Logitech Ultimate Ears In-Ear Reference Monitor (IERM): The IERM was designed to be the ultimate reference monitor (or at least the Ultimate Ears reference monitor!), so this comparison is warranted considering the namesake of the Reference and both use 3 BA drivers in a 3-way configuration.  The IERM is brighter with a rougher, more analytical sound and better clarity as well as being much more revealing of poor quality tracks; i.e. much less forgiving.  This leads to a much more enjoyable presentation with low quality tracks, even though there are hints of the poor quality.  The Reference has a bit more note thickness in general although the IERM can sustain notes as well as the Reference.  While both offer great imaging and depth, but the Reference has a bit better focus within the soundstage except in the very center.  Both have similar proportions to the soundstage but the IERM can present a larger space when the track calls for it.  The IERM has a good deal more resolution and instrument detail across the spectrum.

Alclair Reference Custom In-Ear Monitors & Logitech Ultimate Ears In-Ear Reference MonitorsBass is close between these two with the IERM having a slight advantage in the deep bass rumble even though the Reference has better deep bass extension, however the Reference has more warmth from more mid-bass.  The midrange of the Reference has a little more thickness and richness while the IERM has a slight bit more forward presentation in the midrange while the upper midrange of the IERM is more pronounced and pulled even more forward, increasing the clarity and detail retrieval.  With large differences in the treble region, the IERM is much brighter than the Reference and also much more analytical and unforgiving vs. the more liquid and natural sounding Reference.  The treble of the IERM can be unpleasant to my ears depending on the track while the Reference is very musical.

After comparing these two, the IERM, it is apparent that the IERM is a recording engineers tool, pointing out all the issues with a track while the Reference is excellent for the audiophile that wants neutrality.  If you want an analytical and judging CIEM, the IERM is it, but for half the price the Reference can be used for similar purposes, however with limitations for that purpose.

 

EarSonics SM3: When I first bought the SM3 it was $435 direct from France, so the price I paid isn’t vastly different from the Reference, although they can be purchased for less now.  This comparison is for a sanity check for the quality of the Reference as both are 3 driver, 3-way designs.  The SM3 s warmer, thicker, and richer with more bass enhancement and a darker presentation, giving up clarity and sounding a bit on the thick and sloppy side in comparison.  There is better focus with the Reference due to better instrument separation and clarity.  Detail levels of the Reference are higher for individual instruments and are better defined within the soundstage, however the SM3 does resolve the space between instruments better, giving a better recreation of ambiance.  The SM3 is more mid-forward and has a smaller overall space than the Reference, however the depth of the presentation between the two is close.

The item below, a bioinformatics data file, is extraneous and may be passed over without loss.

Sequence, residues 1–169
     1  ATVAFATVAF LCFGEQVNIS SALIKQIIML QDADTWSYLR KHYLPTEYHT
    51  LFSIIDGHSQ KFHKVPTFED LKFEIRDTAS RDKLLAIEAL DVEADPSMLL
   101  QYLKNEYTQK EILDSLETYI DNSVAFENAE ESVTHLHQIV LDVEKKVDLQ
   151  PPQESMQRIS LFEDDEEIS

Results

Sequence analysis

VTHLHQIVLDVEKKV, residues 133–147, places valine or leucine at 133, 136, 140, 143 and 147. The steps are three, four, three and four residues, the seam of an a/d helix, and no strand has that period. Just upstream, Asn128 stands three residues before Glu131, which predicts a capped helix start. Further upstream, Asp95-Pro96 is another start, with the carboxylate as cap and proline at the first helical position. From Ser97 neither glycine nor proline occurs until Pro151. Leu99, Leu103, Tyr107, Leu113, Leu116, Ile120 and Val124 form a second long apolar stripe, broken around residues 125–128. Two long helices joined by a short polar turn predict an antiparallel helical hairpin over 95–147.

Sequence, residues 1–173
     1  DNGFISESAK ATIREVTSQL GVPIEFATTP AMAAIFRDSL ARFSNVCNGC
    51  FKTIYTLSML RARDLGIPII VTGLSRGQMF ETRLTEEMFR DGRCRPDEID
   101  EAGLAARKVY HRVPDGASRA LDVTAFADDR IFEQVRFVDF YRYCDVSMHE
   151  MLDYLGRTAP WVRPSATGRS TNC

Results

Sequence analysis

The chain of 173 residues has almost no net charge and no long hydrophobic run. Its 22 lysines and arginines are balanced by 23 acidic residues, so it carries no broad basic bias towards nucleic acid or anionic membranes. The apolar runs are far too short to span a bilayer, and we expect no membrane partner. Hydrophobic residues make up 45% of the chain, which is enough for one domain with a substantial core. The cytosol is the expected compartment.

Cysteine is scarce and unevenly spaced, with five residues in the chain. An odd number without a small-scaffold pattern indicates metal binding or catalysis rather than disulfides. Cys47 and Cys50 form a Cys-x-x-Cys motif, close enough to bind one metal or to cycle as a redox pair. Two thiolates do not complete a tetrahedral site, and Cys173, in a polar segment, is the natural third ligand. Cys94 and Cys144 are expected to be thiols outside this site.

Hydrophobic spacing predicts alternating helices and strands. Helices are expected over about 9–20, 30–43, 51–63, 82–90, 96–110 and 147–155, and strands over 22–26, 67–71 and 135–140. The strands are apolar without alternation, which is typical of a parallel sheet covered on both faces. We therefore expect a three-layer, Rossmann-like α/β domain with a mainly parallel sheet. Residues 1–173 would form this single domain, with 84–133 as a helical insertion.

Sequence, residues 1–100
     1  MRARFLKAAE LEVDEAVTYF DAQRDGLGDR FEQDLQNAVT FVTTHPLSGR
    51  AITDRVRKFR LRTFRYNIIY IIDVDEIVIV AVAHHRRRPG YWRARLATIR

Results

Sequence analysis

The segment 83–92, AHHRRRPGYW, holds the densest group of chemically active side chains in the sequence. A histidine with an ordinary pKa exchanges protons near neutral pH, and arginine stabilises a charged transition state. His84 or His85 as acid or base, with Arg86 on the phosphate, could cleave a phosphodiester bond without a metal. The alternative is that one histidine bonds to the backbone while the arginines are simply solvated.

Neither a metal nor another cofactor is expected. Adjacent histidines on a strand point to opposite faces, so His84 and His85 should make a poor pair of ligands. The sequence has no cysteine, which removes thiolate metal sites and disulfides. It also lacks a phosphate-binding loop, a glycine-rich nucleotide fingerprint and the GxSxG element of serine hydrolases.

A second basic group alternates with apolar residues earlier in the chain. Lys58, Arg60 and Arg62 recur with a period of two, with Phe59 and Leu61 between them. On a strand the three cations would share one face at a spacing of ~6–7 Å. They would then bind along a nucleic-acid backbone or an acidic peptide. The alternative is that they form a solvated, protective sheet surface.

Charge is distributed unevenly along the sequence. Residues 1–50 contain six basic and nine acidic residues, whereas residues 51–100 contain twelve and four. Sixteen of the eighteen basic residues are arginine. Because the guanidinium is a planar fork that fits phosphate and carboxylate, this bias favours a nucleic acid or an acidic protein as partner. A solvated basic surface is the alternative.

Alclair Reference Custom In-Ear Monitors & EarSonics SM3These two are very different as the SM3 is rich, thick, warm, and can sound overly thick in comparison with the Reference, which offers better clarity, instrument detail, and clarity, sounding more natural overall.  Technically the Reference is superior by a decent margin showing off the price difference and custom fit.

Volume performance: The Reference has decent low volume performance, but at very low volumes the bas driver doesn’t really kick resulting in a flatter presentation.  At moderate and above volume the Reference offers the full power and glory of the presentation, not having any issues at the loudest level I want to listen at for even a short period of time.

 

Sound Summary: The Reference offers a very balanced sound with a hint of warmth and natural sounding note decay presented in a coherent way across the frequency spectrum.  Bass is flat and extended with a good weight to it.  The neutral midrange is well integrated with the bass and treble, and isn’t laid back nor forward overall while there is a slight, well integrated upper midrange bump that helps create class leading clarity.  With a natural decay, the treble is well done and gives instruments the decay they should have, resulting in a realistic presentation.